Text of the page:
New Milestone for HbbTV with ETSI Adoption

HbbTV has taken another step towards becoming the main global standard for hybrid TV with endorsement of the latest version 2.0 by ETSI, the European Telecommunications Standards Institute.

Although nominally just responsible for ICT standards in Europe, ETSI’s writ now extends further with 21 other countries including the USA, Brazil, China, Japan and India having associate membership. HbbTV has already been deployed by broadcasters in Southeast Asia, Australia and the CIS nations formerly part of the Soviet empire, while trials have been conducted in China, Russia, Japan and the USA among others.

After a lull, momentum has been revived by the release of HbbTV 2.0, which has brought the standard up to date with support for Ultra HD, the emerging HEVC codec and crucially companion device integration. ETSI itself has just released its latest specification called hybrid broadcast broadband TV (HbbTV), TS 102 796 V.1.3.1, which it says corresponds to HbbTV 2.0.

HbbTV was originally developed in France and Germany around 2009 as a mechanism for broadcasters to introduce interactivity, but soon evolved into a platform for hybrid services combining tradition linear satellite, cable or DTT services with IPTV and broadband delivered content or entertainment. Yet while it has become the defacto global standard for harmonized services among broadcasters, Android has emerged as a major competitor coming in from the Internet flank, especially after the launch last year of Android TV by Google. Since then the Android community and Google in particular have tried to exploit HbbTV’s limitations when it comes to embracing connected devices such as smartphones and tablets within broadcast services, as opposed to harmonizing the different sources of content and enabling interaction on the big screen.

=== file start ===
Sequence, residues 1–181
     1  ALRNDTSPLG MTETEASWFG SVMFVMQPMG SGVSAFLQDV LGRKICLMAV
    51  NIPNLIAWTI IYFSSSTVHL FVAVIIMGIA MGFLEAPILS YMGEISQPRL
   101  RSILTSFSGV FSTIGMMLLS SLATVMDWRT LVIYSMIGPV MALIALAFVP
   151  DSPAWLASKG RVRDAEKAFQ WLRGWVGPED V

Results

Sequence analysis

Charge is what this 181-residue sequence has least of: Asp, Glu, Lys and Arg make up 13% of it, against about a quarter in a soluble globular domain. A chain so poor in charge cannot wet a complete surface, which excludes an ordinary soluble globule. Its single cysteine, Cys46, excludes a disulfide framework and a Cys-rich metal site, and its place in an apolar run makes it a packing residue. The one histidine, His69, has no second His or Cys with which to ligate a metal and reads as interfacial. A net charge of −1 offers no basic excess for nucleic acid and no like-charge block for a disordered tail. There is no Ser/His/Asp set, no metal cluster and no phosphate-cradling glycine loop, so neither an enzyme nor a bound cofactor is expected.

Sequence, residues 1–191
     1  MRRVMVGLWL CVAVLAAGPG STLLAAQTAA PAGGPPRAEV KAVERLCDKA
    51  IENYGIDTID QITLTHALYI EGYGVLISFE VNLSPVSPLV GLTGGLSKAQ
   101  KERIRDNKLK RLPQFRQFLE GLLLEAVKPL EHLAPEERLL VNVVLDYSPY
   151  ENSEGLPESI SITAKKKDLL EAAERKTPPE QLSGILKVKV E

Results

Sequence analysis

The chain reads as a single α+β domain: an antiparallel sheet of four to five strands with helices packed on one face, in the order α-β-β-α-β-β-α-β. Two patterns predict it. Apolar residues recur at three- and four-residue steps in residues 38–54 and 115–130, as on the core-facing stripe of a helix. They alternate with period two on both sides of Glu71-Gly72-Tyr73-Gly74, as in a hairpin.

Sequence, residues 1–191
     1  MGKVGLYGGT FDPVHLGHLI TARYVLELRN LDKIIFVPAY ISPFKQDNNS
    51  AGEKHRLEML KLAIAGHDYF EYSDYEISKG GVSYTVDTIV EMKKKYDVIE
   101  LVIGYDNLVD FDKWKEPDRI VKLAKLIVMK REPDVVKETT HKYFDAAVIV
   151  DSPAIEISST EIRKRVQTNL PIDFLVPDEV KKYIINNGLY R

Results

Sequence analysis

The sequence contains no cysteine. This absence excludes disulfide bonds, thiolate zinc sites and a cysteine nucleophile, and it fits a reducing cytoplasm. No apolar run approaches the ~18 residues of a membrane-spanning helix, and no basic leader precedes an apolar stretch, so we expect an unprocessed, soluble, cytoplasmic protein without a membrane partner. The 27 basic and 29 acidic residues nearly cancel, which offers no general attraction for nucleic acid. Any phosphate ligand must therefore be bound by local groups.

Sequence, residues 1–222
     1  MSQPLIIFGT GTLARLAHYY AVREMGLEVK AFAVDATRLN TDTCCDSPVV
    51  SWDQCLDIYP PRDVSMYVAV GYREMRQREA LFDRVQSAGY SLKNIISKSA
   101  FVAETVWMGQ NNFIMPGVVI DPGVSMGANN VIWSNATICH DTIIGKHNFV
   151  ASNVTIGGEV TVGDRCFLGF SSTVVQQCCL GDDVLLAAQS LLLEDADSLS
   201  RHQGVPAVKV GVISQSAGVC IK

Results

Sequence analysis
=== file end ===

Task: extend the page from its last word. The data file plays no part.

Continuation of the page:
EBU Director of Technology and Innovation Simon Fell admits there is some way to go for HbbTV to make applications easily accessible to viewers.

EBU Director of Technology and Innovation Simon Fell admits there is some way to go for HbbTV to make applications easily accessible to viewers.

HbbTV 2.0 is in part a response to the Android challenge, with the support for companion device integration for example. Equally importantly HbbTV 2.0 enables broadcasters to extend their support for traditional on screen services such as subtitles to the online world. At IBC 2015 an EU-funded pilot trial demonstrated how HbbTV 2.0 could be used to display subtitles according to the European Broadcasting Union (EBU)-TT-DD standard. This involved a prototype service developed by German broadcasters’ research center IRT and the consortium of public broadcasters there ARD, as well as Rundfunk Berlin-Brandenburg (rbb) and Samsung in its capacity as a smart TV maker. The trial combined live streaming using MPEG-DASH (Dynamic Adaptive Streaming over HTTP) with subtitles based on EBU-TT-DD.